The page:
Skating champion Scott Hamilton has surpassed what his parents, doctors, coaches and even himself, ever thought possible. Born in 1958 in Toledo, Ohio, he was adopted by a couple from Bowling Green, also in Ohio, at 6 weeks old. At 2 years of age, he suddenly stopped growing and doctors were unable to come up with a definitive diagnosis. After his illness was mistaken as cystic fibrosis, his parents sent him to Boston's Children's Hospital where his ailment began to correct itself with a special diet and moderate exercise, including ice skating.
Now possibly the most recognized male figure skating star in the world, Hamilton took third place in the U.S. Figure Skating Championships in 1980 and won a place on the U.S. Olympic team. He finished fifth at the Olympics in Lake Placid that same year.
Over the next four years, he won national and world skating events, ultimately capturing the gold medal at the 1984 Winter Olympics in Sarajevo, in what is now the capital of Bosnia and Herzegovina.
After turning professional, he appeared in the Ice Capades and has been a frequent skating and Olympic commentator on network television. Earlier this year, Hamilton appeared on "Celebrity Apprentice" but ultimately got "fired" from the competition by Donald Trump.
Over his life, Hamilton has faced adversity of a different kind. He battled testicular cancer in 1997, and more recently in 2004, he was treated for a benign brain tumor.
This year, the former Olympic champion released his book, "The Great Eight," in which he shares his many challenges and successes. In this interview with Bankrate, Hamilton discusses the challenges he's faced, as well as his love of skating, his career, and his life with wife Tracey and sons Aidan, 5, and Maxx, 1.
Bankrate: In 1981, you won the World Figure Skating Championships. Since then, you've seen peaks and valleys, professionally and personally. Take me on that journey, naming three big turning points in your life that have helped you get to where you are today.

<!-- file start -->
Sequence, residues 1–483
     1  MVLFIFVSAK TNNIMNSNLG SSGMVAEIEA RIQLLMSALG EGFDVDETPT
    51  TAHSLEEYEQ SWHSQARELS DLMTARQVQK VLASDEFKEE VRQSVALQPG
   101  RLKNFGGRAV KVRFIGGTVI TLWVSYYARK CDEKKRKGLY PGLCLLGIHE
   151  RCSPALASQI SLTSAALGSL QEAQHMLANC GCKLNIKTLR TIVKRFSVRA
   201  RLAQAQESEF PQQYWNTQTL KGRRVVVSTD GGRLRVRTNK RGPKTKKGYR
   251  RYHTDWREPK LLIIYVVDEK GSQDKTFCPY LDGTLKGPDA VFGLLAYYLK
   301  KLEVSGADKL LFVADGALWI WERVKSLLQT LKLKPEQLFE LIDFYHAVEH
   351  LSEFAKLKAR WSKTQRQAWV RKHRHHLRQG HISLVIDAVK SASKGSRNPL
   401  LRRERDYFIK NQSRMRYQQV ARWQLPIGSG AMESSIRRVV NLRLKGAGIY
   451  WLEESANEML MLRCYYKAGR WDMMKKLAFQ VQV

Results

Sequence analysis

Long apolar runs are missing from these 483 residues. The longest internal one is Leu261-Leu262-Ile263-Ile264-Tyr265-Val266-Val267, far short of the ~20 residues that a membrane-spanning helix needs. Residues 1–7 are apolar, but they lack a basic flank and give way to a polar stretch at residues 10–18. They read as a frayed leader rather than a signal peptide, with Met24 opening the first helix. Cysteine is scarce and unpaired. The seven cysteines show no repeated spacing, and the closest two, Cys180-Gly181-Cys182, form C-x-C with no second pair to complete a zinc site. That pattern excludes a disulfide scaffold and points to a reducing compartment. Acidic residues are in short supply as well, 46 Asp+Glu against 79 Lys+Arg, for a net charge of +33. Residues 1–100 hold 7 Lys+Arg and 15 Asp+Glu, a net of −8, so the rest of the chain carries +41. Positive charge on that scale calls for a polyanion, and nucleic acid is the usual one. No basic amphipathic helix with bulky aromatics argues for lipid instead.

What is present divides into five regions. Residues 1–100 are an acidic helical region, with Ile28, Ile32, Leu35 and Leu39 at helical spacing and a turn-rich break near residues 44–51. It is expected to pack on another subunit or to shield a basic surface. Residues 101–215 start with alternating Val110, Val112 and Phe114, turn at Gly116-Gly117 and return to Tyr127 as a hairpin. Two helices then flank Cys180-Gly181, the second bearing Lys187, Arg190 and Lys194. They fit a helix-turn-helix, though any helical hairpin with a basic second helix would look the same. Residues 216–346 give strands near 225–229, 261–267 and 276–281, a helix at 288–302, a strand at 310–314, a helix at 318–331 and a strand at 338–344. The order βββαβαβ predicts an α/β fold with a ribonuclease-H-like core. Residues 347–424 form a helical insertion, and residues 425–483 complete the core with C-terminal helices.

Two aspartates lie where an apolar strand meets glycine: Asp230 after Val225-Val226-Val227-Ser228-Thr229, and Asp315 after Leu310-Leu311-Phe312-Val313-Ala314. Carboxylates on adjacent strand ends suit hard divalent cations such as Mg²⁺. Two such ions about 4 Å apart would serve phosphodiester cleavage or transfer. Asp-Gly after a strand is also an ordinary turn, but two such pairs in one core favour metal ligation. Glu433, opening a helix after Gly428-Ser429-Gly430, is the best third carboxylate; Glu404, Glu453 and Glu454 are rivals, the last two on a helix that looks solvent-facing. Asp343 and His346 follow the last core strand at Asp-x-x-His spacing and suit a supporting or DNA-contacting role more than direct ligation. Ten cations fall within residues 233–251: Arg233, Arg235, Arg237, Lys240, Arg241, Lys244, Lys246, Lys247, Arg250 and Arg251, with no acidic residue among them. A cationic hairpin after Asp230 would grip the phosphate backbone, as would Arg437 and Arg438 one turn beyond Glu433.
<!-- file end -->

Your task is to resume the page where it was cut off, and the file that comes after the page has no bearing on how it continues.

Scott Hamilton: A lot of them came from unfortunate circumstances. One of the biggest turning points was when I had a childhood illness and started skating. For years, I was in and out of hospitals, and they couldn't diagnose what was going on. They finally gave up until Dr. Harry Shwachman told my mom he couldn't figure out what was going on and that I should just go home and live a normal life. So I started skating and started getting better.
The next biggest event was the death of my mother. That was one of those horrific realizations that you should be living your life differently. She sacrificed everything to keep me in skating because she knew that gave me my health. She sacrificed many of her own comforts. She had no luxuries in her life because of the cost of skating. When she passed away, I realized that I was really underachieving, and I wasn't honoring her commitment to me to keep me in skating and to give me life. So I decided on the morning she passed away that I needed to do better. From then on, skating took on a whole different role in my life and I actually started to achieve.
The latest one came after my testicular cancer and getting through that (and) the brain tumor in 2004. I had a wife and a young son and had waited a long time for that, then only to be diagnosed with a brain tumor when he was only 14 months old.
Bankrate: You just announced your return to the ice last month?
Scott Hamilton: Yes, actually Oprah did it (laughs). When you make a commitment to do something, that's one thing; when it's made public, it's another thing. They were doing a piece on "Montel Williams" and his health problems, and they wanted to talk to familiar people who had their own health issues, so they talked to Magic Johnson, Fran Drescher and me. As part of my interview, I said every time my health has been challenged, every time my life has been challenged, skating has gotten me through it. So I said, "OK, let's get back on the ice."